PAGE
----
OR: It’s true. The production of oil has already been on a plateau since 2005 at around 82 mb/d. [NB: with biofuels and coal-to-liquid, we approximate 88 mb/d for all liquid fuels.] It appears to me impossible to go much higher. Since demand is still on trajectory ( unless, possibly, the economic crisis engulfs the emerging economies). I expect to see the first tensions arising between 2013 and 2015.
MA: And after that?
OR: Afterwards, in my view, we will have to face a decline of the production of all liquid fuels somewhere between 2013 and 2015. This decline will not necessarily be rapid, however, but it will be a decline, that much seems clear.
MA: You state ‘not necessarily rapid.’ Why?
OR: This will all depend on the speed of which streams of non-conventional oil will be able to be developed. Conversion of coal and natural gas to liquid fuels will remain infinitesimal. For first-generational biofuels, I believe we are already approaching the maximal limit. As for second-generational, we are still at the stage of industrial pilot projects. It should take another quarter century before we achieve a significant production on a world scale. Let’s say around 2.4mb/d.
MA: In your view, will all of this be insufficient to compensate for the decline of existing conventional oil fields?
OR: Insufficient. Yes.
For the complete interview, see ‘Former IEA Expert: Oil Production Could Begin to Decline in 2015.’
Economically, the third world is about to change places with the developed world (Europe, U.S.). David Fessler of Investment U’s Energy and Infrastructure Specialist says that:
“Oil demand from OECD countries (the haves) has declined for the fifth time in the last six years. It’s on track to decline again this year. On the other hand, demand from non-OECD countries (the have-nots) is up a whopping 15% in just the last three years. That rate of growth is expected to continue.”
Demanding more oil means that a country has a booming economy and those that don’t (U.S.?) are on the way out. The “secret” to this reversal of fortune is the trade agreements nations and regions have with each other, courtesy of corporate input. They benefit corporate CEOs and third world nations but destroys developed nations with a healthy middle class.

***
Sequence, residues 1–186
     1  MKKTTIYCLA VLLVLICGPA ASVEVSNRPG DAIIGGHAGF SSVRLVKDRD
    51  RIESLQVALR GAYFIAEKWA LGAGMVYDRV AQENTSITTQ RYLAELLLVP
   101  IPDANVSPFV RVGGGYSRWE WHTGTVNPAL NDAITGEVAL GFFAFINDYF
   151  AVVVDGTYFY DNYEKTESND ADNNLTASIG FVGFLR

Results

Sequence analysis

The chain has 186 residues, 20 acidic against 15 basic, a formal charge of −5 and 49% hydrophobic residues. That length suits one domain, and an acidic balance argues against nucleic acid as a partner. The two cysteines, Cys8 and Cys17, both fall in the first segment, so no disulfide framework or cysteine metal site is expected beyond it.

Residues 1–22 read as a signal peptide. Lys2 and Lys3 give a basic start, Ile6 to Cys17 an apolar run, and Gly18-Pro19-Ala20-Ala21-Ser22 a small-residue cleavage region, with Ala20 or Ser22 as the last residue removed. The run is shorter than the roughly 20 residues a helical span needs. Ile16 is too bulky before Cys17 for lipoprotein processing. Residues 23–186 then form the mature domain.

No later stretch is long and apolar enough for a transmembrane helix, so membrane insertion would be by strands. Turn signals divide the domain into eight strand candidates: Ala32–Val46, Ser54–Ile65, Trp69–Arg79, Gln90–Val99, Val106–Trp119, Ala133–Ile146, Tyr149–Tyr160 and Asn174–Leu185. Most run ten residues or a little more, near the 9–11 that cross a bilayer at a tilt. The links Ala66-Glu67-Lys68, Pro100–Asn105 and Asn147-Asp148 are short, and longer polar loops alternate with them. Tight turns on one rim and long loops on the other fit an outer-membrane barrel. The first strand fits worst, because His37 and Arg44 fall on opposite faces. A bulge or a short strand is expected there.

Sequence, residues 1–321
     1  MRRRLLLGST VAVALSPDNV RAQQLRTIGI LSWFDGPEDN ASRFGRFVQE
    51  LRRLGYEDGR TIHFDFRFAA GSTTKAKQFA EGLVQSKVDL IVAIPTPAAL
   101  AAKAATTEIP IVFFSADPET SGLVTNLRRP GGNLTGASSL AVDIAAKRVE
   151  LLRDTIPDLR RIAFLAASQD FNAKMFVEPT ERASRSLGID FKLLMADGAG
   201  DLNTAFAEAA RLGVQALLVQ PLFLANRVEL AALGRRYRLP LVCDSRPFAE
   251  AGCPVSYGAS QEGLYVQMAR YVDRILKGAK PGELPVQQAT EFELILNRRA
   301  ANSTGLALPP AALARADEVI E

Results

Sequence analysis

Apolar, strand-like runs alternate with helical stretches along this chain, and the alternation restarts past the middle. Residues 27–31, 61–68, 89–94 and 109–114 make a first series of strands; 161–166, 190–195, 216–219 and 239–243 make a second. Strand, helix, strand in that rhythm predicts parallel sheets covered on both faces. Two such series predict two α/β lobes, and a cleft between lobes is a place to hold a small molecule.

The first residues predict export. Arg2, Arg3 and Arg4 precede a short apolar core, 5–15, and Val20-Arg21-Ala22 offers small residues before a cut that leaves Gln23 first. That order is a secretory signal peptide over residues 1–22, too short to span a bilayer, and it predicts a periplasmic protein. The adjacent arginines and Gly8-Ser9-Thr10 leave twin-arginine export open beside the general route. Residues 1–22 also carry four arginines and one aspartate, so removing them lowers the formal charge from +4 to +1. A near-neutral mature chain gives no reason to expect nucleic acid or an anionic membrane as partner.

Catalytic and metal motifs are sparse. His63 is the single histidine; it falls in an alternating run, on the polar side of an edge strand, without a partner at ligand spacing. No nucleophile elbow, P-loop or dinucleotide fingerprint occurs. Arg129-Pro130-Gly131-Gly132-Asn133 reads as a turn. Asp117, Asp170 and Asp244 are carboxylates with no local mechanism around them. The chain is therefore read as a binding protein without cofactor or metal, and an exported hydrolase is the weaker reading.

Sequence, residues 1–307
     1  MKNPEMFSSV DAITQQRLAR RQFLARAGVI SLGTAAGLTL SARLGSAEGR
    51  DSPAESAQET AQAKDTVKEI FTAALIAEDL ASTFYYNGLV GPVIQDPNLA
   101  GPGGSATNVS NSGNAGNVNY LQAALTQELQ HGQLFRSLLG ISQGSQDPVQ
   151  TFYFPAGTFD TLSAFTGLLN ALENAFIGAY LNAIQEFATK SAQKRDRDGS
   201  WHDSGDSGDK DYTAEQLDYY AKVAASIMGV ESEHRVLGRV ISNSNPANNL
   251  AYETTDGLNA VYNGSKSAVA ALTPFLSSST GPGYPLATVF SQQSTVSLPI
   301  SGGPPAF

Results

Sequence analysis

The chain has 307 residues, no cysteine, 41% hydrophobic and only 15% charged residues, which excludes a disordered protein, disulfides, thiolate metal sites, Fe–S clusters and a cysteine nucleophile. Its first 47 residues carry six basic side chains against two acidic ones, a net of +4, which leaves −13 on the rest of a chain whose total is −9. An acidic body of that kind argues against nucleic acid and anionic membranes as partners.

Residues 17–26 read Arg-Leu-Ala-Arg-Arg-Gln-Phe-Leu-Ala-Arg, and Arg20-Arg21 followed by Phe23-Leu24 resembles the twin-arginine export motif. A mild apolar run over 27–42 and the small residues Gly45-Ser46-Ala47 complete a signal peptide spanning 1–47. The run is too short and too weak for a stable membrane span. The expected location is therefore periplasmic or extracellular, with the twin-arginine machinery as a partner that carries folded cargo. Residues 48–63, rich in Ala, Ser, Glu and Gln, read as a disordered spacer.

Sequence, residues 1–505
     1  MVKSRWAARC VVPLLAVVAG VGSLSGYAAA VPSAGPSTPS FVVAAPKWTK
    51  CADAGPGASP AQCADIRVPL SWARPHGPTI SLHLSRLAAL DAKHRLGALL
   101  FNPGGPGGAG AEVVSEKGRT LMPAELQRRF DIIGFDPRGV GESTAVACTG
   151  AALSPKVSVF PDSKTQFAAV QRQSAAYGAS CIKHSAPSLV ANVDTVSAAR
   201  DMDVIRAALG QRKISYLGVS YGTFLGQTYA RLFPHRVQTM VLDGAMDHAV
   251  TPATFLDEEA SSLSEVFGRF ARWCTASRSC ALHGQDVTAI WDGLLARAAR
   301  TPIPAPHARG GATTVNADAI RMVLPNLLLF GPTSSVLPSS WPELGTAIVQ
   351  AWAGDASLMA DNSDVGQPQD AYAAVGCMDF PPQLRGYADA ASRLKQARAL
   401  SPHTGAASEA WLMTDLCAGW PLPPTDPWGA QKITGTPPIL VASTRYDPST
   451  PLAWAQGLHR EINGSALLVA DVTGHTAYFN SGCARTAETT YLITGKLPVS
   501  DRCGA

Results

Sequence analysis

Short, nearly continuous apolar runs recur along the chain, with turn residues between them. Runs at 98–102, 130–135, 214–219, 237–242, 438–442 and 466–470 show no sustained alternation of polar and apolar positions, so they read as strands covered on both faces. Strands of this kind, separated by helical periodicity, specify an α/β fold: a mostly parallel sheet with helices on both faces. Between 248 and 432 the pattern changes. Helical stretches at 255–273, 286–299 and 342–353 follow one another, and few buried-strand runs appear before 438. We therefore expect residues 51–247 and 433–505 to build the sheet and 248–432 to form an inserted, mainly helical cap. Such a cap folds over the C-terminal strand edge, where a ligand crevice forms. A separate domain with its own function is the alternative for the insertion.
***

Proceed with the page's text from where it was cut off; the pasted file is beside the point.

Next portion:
With Obama’s or (soon maybe) Romney’s blessing, our corporate CEOs will continue to send many of our jobs in all categories overseas, giving jobs to the third world. They will also make use of H-1B work visas and import more skilled workers. The goal in America is to destroy the middle class so that we can compete with China’s workers. Mexicans will be the main workforce that will replace Americans.
In case you may have forgotten, corporate CEOs have admitted openly that their loyalty is to their company and not their nation. If the United States becomes more like one of those third world rat holes, it doesn’t matter.
I have complained and I know that others have wondered why we are selling off our oil to our competitors (China) and our enemies (China). Once again, our CEOs are only interested with the deal, making a profit, even though it makes us more vulnerable to a guaranteed shortage over the next 20 years.
Once again. CEOs have no loyalty to our nation. It’s profit. If the former United States collapses into a Balkanized region, with constant fighting among disparate groups, a CEO always has a safe haven somewhere else.
Fessler comments on selling a nation’s oil when oil decides if you can survive economically:
“The bottom line is this: Right now, oil dictates countries’ fortunes. Without it, or if it becomes prohibitively expensive, economic growth grinds to a halt.
“My prediction is that those countries that have oil are eventually going to realize this, and slowly start to curtail exports, just like China has with rare earths. They’ll want to keep an increasing percentage of what oil they do have for their own use.”
“If OECD countries (USA, Canada) are smart, clearly a debatable point, they’ll squarely focus on securing domestic energy supplies for their future sustainability. Especially if they want to remain “haves.”
Finally, this timely article will explain “Why the US Cannot Extract Most of its Oil Reserves.”
OIL UPDATE, (06/22/12):
In the last report above, oil prices would rise the end of 2012 and into 2013, barring a global recession. Well, the latest report on the economy was not good, causing a sell-off in the stock market, including oil.
“Signs of a slowdown in manufacturing in China, Europe and the United States delivered another blow on Thursday.” And 389,000 Americans filed new jobless claims ending June 16th.
That means the price of gasoline should decrease. For how long?